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2019: The year customers take control of payments

2019: The year customers take control of payments

Angus Burrell, General Manager, UK, Omni-channel solutions, Valitor

2018 was a defining 12 months for the payments industry, from groundbreaking regulations such as Open Banking and PSD2 through to debit card transactions dominating cash for the first time. Yet as the ‘golden quarter’ of Christmas brought mixed results for retailers, are the latest developments in the payments industry going to make or break the next 12 months for retailers? And what further changes in payment technology are set to emerge in 2019?

Payments become unnoticed

Angus Burrell

Angus Burrell

Contactless transactions are reported to have exceeded all other forms of payment in 2018, and this trend will only accelerate in 2019 as contactless gets incorporated into more and more kinds of technology. In fact, contactless transactions are now becoming so ingrained into the consumer’s routine, that it’s almost expectant for organisations, of all sizes, to accept contactless payments. Already charities such as the Church of England are seeing increases in donations, simply from offering a contactless form of payment. As such, all organisations need to face up to the fact that consumers don’t always want to carry cash or worry about how they can pay. With just one bad experience from a payment having a knock-on negative effect on the whole customer experience, organisations need to have the right systems and processes in place.

Take going to a store as an example. A bad payments process can easily disrupt the customer experience. You are perhaps familiar with the retailer and enjoy going into their store. You browse their products and the store assistants are helpful, but not pressurising. You pick up an item and head to checkout. The customer experience then begins to deteriorate. With the self-service checkouts out of action you spend more time in the checkout queue than you did browsing clothes. Finally, by the time you get to pay the transaction takes ages to authorise. Then you are asked for your email address so the store can email you your receipt. Spelling out an email address becomes a communication challenge in itself, not to mention being asked if you mind if the store bombards you with a load of marketing emails.

In 2019, this outdated payment process will be a thing of the past. Forward-thinking retailers and organisations that value the customer experience will enable new features to allow customers to enjoy the entire shopping experience and then pay quickly and simply via store apps or mobile terminals. Customers can access in-store branded apps that act as the go-to destination for the modern shopper. You can input and save payment details, state your shopping preferences and see your shopping history so the in-store experience becomes personalised, quick and simple. No more queuing at checkouts and awkward communication with staff. In addition, AI concierge services offer recommendations, conversational support, and search and discovery options. With these solutions, retailers can transform the way people shop, creating a cashierless environment that is seamless and convenient.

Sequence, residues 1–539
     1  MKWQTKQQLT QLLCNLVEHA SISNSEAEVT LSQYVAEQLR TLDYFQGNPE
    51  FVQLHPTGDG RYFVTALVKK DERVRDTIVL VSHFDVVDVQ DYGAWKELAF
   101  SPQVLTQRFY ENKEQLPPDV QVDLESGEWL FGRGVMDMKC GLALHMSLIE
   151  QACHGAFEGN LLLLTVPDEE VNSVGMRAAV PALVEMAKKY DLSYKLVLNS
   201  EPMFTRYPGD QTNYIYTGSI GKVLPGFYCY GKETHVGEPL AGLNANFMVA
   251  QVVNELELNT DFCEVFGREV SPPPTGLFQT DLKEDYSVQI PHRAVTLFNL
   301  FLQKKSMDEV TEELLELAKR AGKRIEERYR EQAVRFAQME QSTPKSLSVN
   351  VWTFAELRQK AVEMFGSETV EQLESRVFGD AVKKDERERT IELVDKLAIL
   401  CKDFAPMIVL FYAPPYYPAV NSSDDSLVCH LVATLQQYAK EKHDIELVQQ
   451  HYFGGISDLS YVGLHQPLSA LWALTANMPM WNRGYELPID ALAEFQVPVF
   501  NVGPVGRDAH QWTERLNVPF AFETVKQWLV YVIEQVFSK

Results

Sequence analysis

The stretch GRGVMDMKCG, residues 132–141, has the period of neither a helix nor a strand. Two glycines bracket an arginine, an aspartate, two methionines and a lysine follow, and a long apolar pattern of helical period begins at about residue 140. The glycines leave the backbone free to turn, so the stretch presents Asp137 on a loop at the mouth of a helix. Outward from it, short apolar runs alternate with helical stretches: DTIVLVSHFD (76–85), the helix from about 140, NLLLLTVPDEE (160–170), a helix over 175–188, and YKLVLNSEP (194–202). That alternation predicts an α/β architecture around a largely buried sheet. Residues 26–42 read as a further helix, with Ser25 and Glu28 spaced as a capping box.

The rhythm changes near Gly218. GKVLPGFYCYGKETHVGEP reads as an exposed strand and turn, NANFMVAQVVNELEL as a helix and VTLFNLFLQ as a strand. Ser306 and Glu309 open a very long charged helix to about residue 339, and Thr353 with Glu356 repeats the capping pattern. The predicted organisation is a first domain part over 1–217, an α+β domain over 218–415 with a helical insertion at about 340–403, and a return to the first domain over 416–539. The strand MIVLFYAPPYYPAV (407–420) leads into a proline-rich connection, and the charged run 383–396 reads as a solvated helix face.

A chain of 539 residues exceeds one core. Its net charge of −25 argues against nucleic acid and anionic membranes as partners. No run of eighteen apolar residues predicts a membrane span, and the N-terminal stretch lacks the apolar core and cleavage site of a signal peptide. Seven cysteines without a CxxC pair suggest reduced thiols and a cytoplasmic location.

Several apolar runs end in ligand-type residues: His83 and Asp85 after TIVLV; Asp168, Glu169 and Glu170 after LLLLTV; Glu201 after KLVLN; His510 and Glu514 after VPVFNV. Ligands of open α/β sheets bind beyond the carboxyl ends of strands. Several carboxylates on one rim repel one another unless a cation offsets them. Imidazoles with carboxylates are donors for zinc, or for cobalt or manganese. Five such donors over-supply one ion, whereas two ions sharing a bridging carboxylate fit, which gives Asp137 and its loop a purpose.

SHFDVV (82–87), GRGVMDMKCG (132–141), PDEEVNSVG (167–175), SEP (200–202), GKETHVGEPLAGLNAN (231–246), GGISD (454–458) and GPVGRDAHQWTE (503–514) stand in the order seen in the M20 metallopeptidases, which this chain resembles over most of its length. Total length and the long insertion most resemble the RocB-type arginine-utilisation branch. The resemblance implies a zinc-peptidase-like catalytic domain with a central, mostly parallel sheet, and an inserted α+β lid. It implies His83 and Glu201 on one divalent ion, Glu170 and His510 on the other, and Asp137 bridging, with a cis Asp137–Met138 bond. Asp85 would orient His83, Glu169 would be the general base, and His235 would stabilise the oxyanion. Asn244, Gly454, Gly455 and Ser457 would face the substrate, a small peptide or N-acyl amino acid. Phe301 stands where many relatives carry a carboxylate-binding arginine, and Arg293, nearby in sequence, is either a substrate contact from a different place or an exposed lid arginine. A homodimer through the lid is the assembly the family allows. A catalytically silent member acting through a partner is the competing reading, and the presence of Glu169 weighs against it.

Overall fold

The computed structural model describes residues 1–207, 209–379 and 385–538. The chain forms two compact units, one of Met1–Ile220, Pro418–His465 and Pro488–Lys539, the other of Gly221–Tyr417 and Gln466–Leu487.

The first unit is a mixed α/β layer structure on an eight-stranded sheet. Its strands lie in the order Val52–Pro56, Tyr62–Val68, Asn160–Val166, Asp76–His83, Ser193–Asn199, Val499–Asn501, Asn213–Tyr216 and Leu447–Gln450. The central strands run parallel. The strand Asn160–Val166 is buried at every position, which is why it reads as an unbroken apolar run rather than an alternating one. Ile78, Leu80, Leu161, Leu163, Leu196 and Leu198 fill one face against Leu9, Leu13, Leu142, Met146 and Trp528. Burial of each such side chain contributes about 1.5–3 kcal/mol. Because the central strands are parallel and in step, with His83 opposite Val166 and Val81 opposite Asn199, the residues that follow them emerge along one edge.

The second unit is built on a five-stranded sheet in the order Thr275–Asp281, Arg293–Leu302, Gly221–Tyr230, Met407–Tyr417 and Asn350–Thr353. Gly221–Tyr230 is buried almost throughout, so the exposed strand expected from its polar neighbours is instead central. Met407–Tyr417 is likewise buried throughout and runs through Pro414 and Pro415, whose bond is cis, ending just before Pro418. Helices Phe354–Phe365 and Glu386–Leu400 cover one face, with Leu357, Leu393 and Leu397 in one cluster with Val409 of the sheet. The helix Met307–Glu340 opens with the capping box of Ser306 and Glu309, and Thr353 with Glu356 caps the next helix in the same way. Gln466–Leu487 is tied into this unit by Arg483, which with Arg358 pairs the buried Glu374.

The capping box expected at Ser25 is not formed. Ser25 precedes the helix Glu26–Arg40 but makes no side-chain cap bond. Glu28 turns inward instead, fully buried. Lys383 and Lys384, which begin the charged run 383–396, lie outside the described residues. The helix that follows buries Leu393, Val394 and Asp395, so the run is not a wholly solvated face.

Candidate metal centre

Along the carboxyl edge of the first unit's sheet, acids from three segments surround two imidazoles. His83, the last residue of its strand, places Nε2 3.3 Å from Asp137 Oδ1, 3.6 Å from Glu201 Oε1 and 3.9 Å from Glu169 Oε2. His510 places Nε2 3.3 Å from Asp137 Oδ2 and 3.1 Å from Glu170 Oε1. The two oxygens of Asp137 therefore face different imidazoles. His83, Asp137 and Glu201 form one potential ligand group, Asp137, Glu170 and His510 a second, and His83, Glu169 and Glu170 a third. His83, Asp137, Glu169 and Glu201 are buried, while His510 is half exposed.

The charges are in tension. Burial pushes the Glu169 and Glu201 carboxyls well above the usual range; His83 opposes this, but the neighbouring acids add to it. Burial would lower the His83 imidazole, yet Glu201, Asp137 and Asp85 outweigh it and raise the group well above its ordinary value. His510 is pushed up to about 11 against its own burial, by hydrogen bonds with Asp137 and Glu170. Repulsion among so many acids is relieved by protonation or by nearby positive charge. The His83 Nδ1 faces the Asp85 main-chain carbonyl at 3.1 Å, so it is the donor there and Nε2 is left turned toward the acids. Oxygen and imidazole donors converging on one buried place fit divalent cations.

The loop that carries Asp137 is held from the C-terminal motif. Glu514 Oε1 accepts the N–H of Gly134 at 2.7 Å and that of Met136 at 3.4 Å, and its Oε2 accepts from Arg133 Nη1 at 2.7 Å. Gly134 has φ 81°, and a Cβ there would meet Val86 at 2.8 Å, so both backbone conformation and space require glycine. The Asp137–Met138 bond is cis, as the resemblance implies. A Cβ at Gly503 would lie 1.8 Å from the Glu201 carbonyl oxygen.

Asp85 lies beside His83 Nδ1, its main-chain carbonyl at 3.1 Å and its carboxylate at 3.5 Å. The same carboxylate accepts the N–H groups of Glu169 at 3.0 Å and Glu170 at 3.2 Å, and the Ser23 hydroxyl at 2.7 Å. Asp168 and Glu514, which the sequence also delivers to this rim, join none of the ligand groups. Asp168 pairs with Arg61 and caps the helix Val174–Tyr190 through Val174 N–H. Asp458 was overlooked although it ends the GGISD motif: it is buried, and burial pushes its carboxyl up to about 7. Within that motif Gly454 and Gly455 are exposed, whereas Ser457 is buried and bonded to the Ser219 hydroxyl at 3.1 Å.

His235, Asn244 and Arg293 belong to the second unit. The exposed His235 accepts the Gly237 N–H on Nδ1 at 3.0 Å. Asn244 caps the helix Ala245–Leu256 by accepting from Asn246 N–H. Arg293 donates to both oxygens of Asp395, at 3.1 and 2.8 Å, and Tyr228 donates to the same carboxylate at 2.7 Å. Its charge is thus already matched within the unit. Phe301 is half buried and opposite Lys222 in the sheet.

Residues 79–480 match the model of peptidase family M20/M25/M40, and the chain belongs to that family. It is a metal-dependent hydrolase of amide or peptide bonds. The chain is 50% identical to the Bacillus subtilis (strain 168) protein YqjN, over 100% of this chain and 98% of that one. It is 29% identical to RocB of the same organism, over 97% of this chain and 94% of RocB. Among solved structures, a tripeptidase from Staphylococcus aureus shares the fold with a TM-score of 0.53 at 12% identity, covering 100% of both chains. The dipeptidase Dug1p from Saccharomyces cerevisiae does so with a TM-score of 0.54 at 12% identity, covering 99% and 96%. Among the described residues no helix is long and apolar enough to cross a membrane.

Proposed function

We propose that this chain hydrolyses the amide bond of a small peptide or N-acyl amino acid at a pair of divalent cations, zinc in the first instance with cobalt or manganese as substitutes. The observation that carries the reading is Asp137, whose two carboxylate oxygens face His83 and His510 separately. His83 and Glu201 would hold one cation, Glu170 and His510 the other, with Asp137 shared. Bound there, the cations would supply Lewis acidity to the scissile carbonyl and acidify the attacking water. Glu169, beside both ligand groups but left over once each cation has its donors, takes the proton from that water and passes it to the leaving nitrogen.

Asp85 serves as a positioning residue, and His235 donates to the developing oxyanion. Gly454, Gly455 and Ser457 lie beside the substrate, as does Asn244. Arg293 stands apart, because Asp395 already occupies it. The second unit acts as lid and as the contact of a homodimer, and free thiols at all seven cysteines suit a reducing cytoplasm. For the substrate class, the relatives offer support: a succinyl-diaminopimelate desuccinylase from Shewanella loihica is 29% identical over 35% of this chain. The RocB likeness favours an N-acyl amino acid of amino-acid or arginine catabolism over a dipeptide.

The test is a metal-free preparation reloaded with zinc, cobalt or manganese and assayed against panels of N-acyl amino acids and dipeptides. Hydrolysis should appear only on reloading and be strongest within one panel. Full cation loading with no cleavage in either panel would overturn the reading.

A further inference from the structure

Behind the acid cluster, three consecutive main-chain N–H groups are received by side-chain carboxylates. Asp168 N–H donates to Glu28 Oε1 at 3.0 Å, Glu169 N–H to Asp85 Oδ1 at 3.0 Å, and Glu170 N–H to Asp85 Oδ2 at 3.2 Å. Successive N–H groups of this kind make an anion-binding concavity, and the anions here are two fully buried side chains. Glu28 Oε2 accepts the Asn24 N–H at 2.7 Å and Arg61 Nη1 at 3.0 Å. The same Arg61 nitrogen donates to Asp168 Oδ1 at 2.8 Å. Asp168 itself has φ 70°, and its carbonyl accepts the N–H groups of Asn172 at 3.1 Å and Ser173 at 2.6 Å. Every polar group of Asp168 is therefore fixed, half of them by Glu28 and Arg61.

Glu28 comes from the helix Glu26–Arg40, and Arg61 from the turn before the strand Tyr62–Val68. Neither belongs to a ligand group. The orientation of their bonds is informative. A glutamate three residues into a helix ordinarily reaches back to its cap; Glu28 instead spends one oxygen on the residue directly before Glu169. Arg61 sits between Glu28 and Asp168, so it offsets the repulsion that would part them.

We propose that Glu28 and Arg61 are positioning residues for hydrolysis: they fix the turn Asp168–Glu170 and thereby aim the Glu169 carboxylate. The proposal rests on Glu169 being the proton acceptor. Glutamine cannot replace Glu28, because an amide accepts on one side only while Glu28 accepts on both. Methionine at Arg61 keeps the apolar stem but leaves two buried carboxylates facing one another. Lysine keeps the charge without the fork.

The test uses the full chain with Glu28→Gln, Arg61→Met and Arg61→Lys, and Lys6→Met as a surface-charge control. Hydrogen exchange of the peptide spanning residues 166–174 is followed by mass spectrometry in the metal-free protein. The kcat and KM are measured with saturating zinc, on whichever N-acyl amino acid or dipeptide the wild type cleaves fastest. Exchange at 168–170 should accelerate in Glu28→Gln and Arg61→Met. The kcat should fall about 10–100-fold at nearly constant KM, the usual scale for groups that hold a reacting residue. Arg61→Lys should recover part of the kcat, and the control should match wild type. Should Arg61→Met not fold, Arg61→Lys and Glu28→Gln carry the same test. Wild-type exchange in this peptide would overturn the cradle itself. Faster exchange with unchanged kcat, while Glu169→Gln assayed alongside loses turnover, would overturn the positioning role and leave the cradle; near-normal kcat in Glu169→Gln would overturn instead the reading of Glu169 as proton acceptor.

DNA is the future 

Another area that is set to see additional development and consumer adoption is contactless biometrically powered mobile payments. The likes of Apple Pay and Android Pay have been gaining huge traction as they are secure and easy to use, yet there is still further room for growth and development. In fact, research from Juniper Research has forecasted that contactless transactions from mobile devices will grow to 450 million consumers worldwide by 2020. With the rise of technologies such as Apple Pay and Android Pay, the question could soon become does the future of in-store transactions include cards at all?

With most consumers now having a smartphone glued to their hand, mobile payments are set to be the default payment option due to their speed and convenience. Following the advent of fingerprint scanners such as Apple’s Touch ID – which have now become a familiar part of the payment process – consumers are increasingly becoming accustomed with using parts of their body to authorise transactions. The latest introduction of 3D facial recognition will further the steps along this path and drive the use of biometric mobile payments.

In the future, as our DNA becomes the ultimate authenticator for our purchase, the likes of facial recognition will lead to customers becoming familiar with secure transactions and interested in purchasing big-ticket items that extend beyond the £30 limit that exists on contactless cards. Due to the rise in contactless payment methods, it won’t be surprising if acquiring banks are soon to raise the £30 limit. As a result, retailers who previously sold items beyond the £30 limit will need to ensure that they and their staff are ready and aware that they can handle transactions and sales from mobile devices – or risk losing customers to competitors who do.

Standstill and risk going backwards 

It is clear that the payment landscape is constantly evolving and changing. New technologies and consumer habits are shaping the payment industry creating a constant battle for businesses to stay up to date. Right now the use of biometrically enabled mobile payments is the newest trend, offering security without impacting the customer experience. However, payments processes need to be constantly evaluated in order to maintain a strong customer experience. Creating in-store apps that become the foundation for the entire shopping experience, from product recommendations through to a one-click purchase will enable retailers to offer a highly personalised customer experience that is accessible on any channel. Seamless payments are therefore central to this omni-channel model.

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